FATHER AND MOTHER
‘My father found that he could leave King Island shortly after 7 a.m. for Wellington Point where he had arranged for Dick Wilson, a local storekeeper, to meet him and take him up to catch the 8 a.m. train from Wellington Point. This arrived in Brisbane in ample time to commence preparing for 9 a. m. office duties – banks opened for public business at 10 a.m. then. He usually got back to Wellington Point about 5.30 p.m. or 6 p. m. and he had to do the trip (from the Point to the island) in the dark.
‘Mother always seemed to be in a jolly mood and took things as they came – hot, cold, dry or windy weather did not spoil her jolly character or her sense of humour. Her unbounded energy was a great asset, I cannot ever remember her saying that she was tired – she was always looking forward to the next thing to be done.
‘Sometimes father would bring the “Biandra” over and we would go around the bay. In good weather we sometimes got over to Amity Point. I remember once we ran out of wind and it was a case of get out the “Wooden Topsails”, or, in other words, oars. Mother could really handle her 12 foot (4 metre) ” Sweep'” (another fancy name for a paddle or an oar).’
‘I wish that I had kept a diary and not relied on my memory alone. It would be nice to leave some record for the up-and-coming members of one’s family to look back on. So few seem to realise that present day happenings may well be regarded as History in the future.’
Insert image Phillips family (Myrtle, Clarrie and Josie Phillips) at Maroochydore 1929
(Condensed from a letter written by Clarrie Phillips to his sister, Jo, and kindly made available to me by his grandson, Brian Phillips).
Fort Lytton was built at the mouth of the Brisbane River in the late 1800s to defend the Bay against a feared Russian invasion, that never came.
Clarrie Phillips writes:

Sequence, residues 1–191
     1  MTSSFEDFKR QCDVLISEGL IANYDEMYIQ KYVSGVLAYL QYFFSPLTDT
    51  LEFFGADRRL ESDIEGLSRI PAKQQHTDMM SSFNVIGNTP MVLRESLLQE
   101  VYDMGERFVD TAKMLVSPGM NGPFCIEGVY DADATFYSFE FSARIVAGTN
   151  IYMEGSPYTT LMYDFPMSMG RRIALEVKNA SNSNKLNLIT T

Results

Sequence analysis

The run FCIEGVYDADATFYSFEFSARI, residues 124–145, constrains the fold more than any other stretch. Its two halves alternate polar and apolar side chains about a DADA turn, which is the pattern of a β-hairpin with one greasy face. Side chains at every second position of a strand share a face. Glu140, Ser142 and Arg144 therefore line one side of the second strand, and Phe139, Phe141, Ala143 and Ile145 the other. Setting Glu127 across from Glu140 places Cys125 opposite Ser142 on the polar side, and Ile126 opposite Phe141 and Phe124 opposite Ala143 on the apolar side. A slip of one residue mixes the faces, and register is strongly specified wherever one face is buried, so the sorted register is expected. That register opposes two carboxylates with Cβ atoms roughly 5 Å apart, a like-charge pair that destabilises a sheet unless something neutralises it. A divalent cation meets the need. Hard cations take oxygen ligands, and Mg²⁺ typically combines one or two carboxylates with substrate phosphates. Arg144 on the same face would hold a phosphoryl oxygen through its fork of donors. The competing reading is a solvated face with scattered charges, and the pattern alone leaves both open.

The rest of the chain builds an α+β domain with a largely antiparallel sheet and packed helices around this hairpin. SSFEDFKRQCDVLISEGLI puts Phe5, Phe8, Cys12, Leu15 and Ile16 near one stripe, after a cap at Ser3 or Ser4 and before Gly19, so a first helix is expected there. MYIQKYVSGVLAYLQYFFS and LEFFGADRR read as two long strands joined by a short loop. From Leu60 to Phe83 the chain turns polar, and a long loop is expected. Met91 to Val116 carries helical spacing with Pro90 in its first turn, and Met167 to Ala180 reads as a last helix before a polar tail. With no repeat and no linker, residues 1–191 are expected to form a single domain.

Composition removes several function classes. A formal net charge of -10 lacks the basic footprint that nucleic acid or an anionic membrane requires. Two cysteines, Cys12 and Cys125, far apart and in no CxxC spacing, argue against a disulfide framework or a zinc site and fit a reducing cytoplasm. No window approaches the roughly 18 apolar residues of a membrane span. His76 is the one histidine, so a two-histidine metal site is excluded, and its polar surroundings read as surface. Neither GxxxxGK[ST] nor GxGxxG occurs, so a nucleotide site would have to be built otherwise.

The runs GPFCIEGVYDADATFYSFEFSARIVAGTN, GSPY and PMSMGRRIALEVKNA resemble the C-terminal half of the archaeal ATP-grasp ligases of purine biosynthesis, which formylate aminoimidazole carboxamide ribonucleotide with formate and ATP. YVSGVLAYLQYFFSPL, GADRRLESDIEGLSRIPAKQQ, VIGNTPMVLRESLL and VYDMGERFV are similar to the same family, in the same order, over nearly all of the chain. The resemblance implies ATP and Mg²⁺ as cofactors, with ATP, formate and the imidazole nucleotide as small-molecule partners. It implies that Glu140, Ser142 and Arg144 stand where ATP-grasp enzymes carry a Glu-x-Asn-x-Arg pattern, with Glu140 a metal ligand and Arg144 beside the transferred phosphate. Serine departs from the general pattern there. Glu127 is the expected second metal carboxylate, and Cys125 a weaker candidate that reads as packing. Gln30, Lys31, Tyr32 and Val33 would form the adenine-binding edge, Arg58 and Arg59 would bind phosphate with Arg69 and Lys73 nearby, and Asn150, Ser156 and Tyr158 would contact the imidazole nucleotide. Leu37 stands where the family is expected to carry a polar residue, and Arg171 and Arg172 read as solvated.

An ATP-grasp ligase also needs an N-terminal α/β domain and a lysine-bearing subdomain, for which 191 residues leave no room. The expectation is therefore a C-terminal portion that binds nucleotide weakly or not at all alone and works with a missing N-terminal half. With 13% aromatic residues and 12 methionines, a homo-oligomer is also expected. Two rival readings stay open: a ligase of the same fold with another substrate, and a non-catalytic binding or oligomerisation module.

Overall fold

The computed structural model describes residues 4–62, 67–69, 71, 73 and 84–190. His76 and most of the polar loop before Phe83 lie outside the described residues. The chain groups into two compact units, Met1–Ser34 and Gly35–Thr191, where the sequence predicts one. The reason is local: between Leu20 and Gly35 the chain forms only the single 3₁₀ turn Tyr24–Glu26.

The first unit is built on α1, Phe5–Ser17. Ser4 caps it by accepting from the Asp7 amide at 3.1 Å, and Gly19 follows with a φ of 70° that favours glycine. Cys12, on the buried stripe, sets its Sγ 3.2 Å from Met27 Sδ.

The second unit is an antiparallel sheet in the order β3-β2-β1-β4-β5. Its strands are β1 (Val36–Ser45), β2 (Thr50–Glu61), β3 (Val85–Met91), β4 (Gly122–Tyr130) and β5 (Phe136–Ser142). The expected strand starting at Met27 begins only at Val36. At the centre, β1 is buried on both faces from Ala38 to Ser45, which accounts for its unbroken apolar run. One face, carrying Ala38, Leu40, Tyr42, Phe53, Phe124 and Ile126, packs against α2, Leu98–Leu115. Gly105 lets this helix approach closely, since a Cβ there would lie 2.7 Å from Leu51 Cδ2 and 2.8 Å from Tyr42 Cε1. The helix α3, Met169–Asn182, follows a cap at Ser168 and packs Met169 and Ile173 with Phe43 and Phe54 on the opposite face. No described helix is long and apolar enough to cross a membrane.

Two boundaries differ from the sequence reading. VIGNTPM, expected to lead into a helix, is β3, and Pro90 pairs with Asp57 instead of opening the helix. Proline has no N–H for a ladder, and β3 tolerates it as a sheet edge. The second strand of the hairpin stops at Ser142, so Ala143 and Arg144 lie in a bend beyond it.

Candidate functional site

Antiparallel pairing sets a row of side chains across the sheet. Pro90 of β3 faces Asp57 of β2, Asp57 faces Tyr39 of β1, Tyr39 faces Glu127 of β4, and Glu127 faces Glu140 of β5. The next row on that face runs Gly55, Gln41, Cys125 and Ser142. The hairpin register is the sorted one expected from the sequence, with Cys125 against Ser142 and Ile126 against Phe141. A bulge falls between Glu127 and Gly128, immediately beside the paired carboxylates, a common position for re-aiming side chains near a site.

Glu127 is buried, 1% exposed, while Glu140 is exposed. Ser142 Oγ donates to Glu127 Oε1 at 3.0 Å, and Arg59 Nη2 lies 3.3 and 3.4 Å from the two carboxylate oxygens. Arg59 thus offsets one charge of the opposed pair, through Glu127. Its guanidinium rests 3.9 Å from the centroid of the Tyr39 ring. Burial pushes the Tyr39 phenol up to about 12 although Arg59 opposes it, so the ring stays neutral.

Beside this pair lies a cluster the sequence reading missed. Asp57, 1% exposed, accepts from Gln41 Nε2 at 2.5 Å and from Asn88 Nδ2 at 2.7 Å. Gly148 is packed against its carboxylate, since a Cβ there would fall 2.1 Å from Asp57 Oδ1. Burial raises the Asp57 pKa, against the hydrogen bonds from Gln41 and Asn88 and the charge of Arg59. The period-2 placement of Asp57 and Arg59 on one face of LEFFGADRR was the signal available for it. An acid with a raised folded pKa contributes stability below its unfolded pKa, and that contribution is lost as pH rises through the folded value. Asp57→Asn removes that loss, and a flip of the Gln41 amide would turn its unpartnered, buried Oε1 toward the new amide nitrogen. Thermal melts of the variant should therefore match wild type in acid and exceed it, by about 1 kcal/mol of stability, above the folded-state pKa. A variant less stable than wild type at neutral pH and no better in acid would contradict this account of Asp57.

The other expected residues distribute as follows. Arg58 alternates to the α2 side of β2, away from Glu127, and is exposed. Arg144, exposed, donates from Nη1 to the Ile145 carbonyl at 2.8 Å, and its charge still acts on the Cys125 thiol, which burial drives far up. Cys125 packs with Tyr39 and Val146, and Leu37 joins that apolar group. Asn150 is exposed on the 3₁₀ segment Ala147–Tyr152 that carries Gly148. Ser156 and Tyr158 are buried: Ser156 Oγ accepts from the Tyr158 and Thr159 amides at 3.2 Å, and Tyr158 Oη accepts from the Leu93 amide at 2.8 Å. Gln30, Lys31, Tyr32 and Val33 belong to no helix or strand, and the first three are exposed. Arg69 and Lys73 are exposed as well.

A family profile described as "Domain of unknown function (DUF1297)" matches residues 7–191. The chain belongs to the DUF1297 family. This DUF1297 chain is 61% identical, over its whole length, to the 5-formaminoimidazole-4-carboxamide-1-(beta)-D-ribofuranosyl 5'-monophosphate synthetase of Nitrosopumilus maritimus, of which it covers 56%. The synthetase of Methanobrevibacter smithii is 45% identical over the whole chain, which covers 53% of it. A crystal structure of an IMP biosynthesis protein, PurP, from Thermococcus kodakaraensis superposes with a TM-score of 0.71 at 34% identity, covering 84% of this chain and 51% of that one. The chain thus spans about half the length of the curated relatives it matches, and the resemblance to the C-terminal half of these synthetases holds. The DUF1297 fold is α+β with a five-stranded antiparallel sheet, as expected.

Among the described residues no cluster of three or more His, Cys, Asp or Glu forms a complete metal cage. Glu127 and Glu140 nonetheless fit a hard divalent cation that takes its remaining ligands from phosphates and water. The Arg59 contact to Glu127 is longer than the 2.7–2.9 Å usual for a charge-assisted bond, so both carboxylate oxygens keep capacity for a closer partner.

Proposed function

“The artillery at Fort Lytton had fairly regular practice in the early part of this century. The light guns fired across the Brisbane River at a target in the vicinity of Luggage Point. The heavier guns fired mostly towards Tangalooma or on the Naval Reserve Banks on the South Passage. Their target was a float with several red flags – towed there on a long line by either the “Midge” or the “Mosquito”, small fast Naval craft about 50 feet long.
“The target practices were advertised in the daily press, and a large red flag was flown from Lytton fort before practice commenced.
“Once, in about 1903, we were returning from a fortnight’s sailing trip on the Bay and had not seen any newspapers so we knew nothing of the practice until we saw the targets in position. We were sailing in convoy with another yacht “Lassie”, when the light South Wester that had carried us along at a reasonable pace suddenly dropped at a critical time, with the tide sweeping both craft uncomfortably close to the line of fire.
“We were ‘whistling’ for wind – a practice frequently indulged in by sailing men, probably some flow-on from an ancient superstition. The bulk of our present day sailors held the whistling practice in ridicule, but some maintained that if it did no good, then it did no harm either.
“Whee-e-e-e Klunk Shiss-s-s. The first shell had been fired. We had a grandstand view of the practice, and the gunners from Fort Lytton were remarkably accurate. Apparently the shells were set to explode on impact, and blew large fountains of water into the air. The “Lassie” had drifted a considerable distance from us and appeared to be in a fairly safe position when one shell was off course, and exploded about 100 yards distant. The detonation was enough to shake crockery in the galley and displace some pictures in the cabin.
“This was the last shell of the day and the “Midge” signalled by heliograph to Fort Lytton to cease fire. Upon receiving acknowledgement to do so, the “Midge” went over and towed the becalmed yacht to us.
“Later enquiries found that the charge of cordite propelling the wayward.”